Everyday bread recipe

[edited 20.4.15 to add a few extra photos; 27.4.15 to signpost to comments and replies]

I come from a family of good cooks and food lovers, so food is dear to my heart and central to my life and culture.  As it happens, my maternal grandfather was a baker, his oldest son was (amongst many other things) a very accomplished pastry cook, and my mum spent some of the earliest years of her childhood growing up above the family’s bakery and shop in Cable Street (London’s East End).

Mum, aged about 5, in fancy dress.  See those bread buttons!

Mum, aged about 5, in fancy dress. See those bread buttons!

Her father died before I was born, so I never knew him, and the baker shop was long gone by the time I came along.

Anyway, I promised to write it up, and here at last it is.  My everyday bread recipe.  Or to be more exact, the recipe I used for the twenty or so years before I began using my sourdough starter.  But really, the only difference is that now I use that instead of the dried yeast.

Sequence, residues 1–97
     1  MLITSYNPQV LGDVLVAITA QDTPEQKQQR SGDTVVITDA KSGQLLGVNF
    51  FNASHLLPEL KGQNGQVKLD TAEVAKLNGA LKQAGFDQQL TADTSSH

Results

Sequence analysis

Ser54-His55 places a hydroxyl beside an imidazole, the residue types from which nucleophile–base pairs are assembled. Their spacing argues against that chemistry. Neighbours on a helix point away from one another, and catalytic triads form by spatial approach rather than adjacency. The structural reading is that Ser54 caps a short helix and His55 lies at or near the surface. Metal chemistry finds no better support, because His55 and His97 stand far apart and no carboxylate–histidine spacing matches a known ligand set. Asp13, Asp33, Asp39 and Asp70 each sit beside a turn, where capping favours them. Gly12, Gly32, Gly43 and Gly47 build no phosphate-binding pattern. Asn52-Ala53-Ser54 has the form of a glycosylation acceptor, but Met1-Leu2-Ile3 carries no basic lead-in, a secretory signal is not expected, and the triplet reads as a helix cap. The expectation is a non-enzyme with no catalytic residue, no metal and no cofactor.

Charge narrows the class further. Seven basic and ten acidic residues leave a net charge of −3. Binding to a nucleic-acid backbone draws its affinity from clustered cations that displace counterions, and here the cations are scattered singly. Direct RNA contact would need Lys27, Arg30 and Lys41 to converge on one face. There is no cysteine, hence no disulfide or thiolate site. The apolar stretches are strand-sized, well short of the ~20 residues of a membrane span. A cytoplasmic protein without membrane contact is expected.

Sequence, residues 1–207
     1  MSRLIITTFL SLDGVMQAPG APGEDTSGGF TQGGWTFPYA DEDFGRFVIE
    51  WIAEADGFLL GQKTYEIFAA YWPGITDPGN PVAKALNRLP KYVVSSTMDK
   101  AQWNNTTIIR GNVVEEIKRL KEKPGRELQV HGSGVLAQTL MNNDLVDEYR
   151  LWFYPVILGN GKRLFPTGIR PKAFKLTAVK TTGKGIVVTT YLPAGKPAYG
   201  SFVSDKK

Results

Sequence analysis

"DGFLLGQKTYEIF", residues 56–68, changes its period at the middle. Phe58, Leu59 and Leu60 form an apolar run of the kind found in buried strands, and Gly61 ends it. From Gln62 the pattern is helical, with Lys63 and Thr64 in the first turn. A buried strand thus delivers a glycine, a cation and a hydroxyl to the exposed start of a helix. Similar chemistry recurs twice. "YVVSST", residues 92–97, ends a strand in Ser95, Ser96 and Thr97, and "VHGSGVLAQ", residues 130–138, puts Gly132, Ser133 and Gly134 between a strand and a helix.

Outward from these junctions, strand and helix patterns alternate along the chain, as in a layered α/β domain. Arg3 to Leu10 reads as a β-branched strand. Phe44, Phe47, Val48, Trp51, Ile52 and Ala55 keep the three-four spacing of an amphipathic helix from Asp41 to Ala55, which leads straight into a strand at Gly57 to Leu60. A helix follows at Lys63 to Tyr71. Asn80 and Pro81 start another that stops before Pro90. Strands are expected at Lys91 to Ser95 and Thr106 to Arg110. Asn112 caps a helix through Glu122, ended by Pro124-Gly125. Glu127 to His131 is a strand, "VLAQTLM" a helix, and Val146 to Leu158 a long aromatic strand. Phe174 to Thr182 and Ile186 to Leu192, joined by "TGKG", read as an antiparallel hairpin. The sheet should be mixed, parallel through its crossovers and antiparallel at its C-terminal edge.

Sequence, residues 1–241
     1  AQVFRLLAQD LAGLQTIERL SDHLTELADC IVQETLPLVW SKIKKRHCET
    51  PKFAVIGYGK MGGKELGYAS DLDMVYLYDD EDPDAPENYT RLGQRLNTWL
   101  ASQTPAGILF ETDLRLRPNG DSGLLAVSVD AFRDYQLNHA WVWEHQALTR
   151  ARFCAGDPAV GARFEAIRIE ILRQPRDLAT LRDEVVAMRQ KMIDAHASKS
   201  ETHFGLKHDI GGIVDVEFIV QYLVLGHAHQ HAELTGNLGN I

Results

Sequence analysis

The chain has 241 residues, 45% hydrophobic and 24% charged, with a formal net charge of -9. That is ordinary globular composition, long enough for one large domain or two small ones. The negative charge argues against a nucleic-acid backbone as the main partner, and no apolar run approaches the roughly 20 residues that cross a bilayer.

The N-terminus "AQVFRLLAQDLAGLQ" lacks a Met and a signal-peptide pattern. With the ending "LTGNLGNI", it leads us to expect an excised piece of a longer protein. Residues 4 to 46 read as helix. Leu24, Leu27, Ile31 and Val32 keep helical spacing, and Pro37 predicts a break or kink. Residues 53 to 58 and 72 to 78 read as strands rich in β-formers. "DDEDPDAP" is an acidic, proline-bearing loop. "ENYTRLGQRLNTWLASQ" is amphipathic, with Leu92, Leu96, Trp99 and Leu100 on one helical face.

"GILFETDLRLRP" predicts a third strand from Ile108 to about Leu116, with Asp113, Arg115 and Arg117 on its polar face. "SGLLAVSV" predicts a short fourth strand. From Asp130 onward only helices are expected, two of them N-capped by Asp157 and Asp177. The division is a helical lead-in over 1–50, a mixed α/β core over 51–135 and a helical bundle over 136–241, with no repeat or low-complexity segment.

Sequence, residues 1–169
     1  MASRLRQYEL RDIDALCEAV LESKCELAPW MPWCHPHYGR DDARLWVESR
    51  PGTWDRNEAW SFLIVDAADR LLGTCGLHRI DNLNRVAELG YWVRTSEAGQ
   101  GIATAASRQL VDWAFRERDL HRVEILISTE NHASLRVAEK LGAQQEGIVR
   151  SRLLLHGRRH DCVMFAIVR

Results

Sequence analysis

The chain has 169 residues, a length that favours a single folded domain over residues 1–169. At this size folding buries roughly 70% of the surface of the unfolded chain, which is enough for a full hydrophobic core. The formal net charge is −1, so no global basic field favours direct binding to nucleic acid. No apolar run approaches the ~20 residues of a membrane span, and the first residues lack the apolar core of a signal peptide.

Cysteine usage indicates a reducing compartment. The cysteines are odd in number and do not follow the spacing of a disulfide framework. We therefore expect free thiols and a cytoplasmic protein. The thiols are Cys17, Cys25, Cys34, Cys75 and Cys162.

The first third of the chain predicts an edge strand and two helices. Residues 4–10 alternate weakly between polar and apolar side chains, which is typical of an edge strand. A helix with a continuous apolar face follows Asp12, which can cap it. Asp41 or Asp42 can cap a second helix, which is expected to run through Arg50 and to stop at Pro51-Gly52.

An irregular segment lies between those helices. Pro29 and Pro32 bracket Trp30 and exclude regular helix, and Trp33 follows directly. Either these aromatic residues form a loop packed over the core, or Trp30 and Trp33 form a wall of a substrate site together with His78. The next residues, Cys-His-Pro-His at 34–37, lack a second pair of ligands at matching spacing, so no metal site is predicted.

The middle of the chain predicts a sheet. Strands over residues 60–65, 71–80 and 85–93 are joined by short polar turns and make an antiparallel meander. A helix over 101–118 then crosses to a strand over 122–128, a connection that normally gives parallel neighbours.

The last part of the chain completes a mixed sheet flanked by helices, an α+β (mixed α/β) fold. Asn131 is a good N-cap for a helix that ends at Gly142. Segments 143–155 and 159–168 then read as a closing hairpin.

This is a recipe to play around with once you get the basics right.   I take after my mum when it comes to recipes – whenever I asked her how to cook something, at some point along the way I would always ask how much of something, and she would reply “well, you put in till it looks right”.  Right mum, and how do you know what it’s meant to look like?

Well of course the answer is trial and error – you give it a go and next time adjust things if it doesn’t turn out exactly how you wanted.  But I hope that here I’ve given you enough hard detail to help you get it right first time, and then you’re free to play and make it your own.

Although it takes a long time to make this, it takes very little work.  You spend about 5 minutes on the first mixing bit (Stage 1), another few minutes on the next mixing bit (Stage 2), then a few minutes kneading and putting into tins (Stage 3), and that’s all the work there is apart from baking it (Stage 4).  But it takes a long long time, because you want the yeast to really do its work, so you leave it to sit for hours.  While you go out to work, sleep, do whatever you do in your life, or (like the yeast and bread mix) just sit and be.  Your choice.

I finally wrote it down....

I finally wrote it down….

I’ve given the quantities for two loaves, because really, you will want at least two.  And it makes better use of the oven than just doing one.  I’ve always done four loaves together, because that’s what fits in my oven and my freezer – double what I’ve given if that’s what you’d like to do too.

If you do the quantity for two loaves but really only want one loaf, then use half of it as pizza base, or to make some rolls (8 large, or 12 small). You choose.